Wednesday, September 23, 2009

E is for Email


This one is very important, so pay attention. Email is the single most important tool that you will use in your new virtual office. You will use it for communication, record keeping and scheduling. The biggest and best free e-mail providers are yahoo, hotmail, and google’s gmail.
Even if you already have an e-mail address, you really should set up a separate e-mail account for your work at home. You are less likely to miss important messages from clients when they are not mixed in the same inbox as your friends' forwards and your J Crew e-catalog subscription right? At first, you probably won't have your own domain. However, when you do, I recommend utilizing an e-mail address at your domain. E.G. My work and my assistants' addresses are all

Suggestions for choosing your email provider and address:

  1. Look for a service that gives you lots of space.

  2. Utilize the calendar and keep track of appointments and schedule updates for clients.

  3. If you don't have an e-mail address through your web host, then choose one of the free e-mail providers above, but choose a professional username. It'd be difficult to take seriously someone with an e-mail address like: "" or "". Use something like ""
See what I mean? :)

D is for Documentation

Setting up your virtual filing system for all of your job listing interests, e-books and self written how to’s should be one of the first things you do when beginning online job research.

google accounts
I love Google for the very reason that I can use the following tools to keep track of many important business documents:
  1. Google Library Google's book search - with this, I have compiled quite an extensive library of e-books and business articles for small businesses and consulting.

  2. reader Google reader keeps track of blogs I follow. (I recommend following Chris Brogan and CopyBlogger if you're into social media and blogging for business.)

  3. And Google docs help me keep track of important documents. You can read, write, search and share all kinds of helpful office documents and templates.

  4. Google Calendar is a great way to track when, how much and even where you do things. If it is a task you only do quarterly, bi-weekly or annually you should simply setup a recurring reminder!

Keep documents like e-mails that contain vital business information and file them in virtual folders for each client and business partner. The most important part of consulting is keeping track of your time and there are so many tools that can help you organize your information. My advice: try them out.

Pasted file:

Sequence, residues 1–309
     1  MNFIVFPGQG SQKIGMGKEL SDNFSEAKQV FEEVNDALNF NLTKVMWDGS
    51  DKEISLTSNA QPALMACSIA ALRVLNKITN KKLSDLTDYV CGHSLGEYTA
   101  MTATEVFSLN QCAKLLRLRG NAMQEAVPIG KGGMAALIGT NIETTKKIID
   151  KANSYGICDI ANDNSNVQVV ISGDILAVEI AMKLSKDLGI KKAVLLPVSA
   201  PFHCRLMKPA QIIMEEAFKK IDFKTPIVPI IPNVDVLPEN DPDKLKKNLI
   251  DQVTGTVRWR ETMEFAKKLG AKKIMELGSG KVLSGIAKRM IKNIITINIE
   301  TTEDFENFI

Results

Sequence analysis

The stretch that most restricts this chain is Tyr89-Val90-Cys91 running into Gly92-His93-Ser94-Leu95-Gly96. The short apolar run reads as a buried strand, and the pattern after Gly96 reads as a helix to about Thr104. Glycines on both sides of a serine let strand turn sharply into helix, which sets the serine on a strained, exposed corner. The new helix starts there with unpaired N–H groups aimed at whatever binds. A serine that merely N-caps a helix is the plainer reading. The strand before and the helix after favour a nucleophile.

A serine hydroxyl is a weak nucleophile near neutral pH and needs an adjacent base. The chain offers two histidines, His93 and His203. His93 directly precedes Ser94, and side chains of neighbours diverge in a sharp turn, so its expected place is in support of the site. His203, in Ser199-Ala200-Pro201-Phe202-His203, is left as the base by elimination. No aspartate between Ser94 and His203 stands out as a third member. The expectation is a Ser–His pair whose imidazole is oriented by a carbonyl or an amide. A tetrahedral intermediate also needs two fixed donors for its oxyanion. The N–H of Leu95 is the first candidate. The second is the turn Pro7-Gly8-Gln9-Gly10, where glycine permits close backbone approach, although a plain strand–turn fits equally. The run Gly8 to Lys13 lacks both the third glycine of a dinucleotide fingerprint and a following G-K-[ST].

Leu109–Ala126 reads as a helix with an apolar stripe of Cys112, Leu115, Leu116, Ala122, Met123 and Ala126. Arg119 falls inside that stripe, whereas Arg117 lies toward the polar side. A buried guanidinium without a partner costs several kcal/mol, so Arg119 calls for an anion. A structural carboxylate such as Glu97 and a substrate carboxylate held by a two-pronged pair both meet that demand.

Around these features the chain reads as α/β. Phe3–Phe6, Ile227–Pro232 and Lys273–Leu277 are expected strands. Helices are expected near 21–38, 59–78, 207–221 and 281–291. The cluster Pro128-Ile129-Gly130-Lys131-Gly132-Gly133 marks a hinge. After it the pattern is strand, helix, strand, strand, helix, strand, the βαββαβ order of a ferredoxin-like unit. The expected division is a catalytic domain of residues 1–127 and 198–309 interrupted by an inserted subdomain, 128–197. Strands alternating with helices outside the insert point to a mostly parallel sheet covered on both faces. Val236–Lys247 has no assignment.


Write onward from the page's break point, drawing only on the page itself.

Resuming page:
What tools have you found that work well for you?

Tuesday, September 22, 2009

C is for Craig’s List

Thanks to Craig’s list, there is a wealth of businesses that can advertise jobs they need to be outsourced. And they can do this for free! So lots of businesses do it! Go to find your location, and then the city closest to you and start from there. Look under jobs, there are lots of great Virtual Assistant tasks under “Gigs”.

If you don’t see anything you are qualified to do, then look in other cities in the state or surrounding states. After all, virtual assisting doesn’t look for work within commuting distance. But when you begin telecommuting work, you have to start somewhere right? When you get in your VA groove, you will be capable of having clients all over the world.

Even if you are not ready to start consulting right away, this is a good place to start online job research. It's smart to start locally, there are lots of companies that put ads in local papers, even free local papers to find qualified professionals for consulting work.

*Note - is the only site I've had luck finding virtual work. If you know of others, please leave a comment and share it! Thank you.

Monday, September 14, 2009

B is for Balance

I wish I had more wisdom to share in this area. Balance is an important skill to master. In fact I was in the middle of a client's project when I meant to post this. I didn't get around to it until today, but prioritizing is part of the deal. We all have our to do lists, and the trick to getting it all done is one thing at a time right? So easy to say, much more difficult to practice "getting it all done" effectively. Let's start with health.

Breakfast is Fuel / Lunch is Business / and Dinner is Romance.
I wish I could remember where I heard this, but I love this little saying. Here’s why: You have to plan your day. There is a time to worry about work then there is a time you need to be present with your family. If any of us could figure out how to do this all the time, we would live in a perfectly balanced world.

Scheduling work is vital for work at home parents. If you do not limit your workday, you'll end up either working all the time, or not working all the time. Either way is not a good way to run a virtual business. Limit your work day to 2 to 5 hours in a day. And don't feel like you should only work one shift. I am more productive when I split my days. I work a few hours in the a.m. then I finish and plan work for the next day later (sometimes too late) at night when the house is quiet.

(If there is such a thing!) Anyone who stays home with kids know's that you have to provide undivided attention to the little people to teach, play, and love. That's your most important job, and you will not be happy unless you are able to meet their needs. But it is also an important part of development for them to learn to play and entertain themselves sometimes.

Now. . . on to some more technical stuff.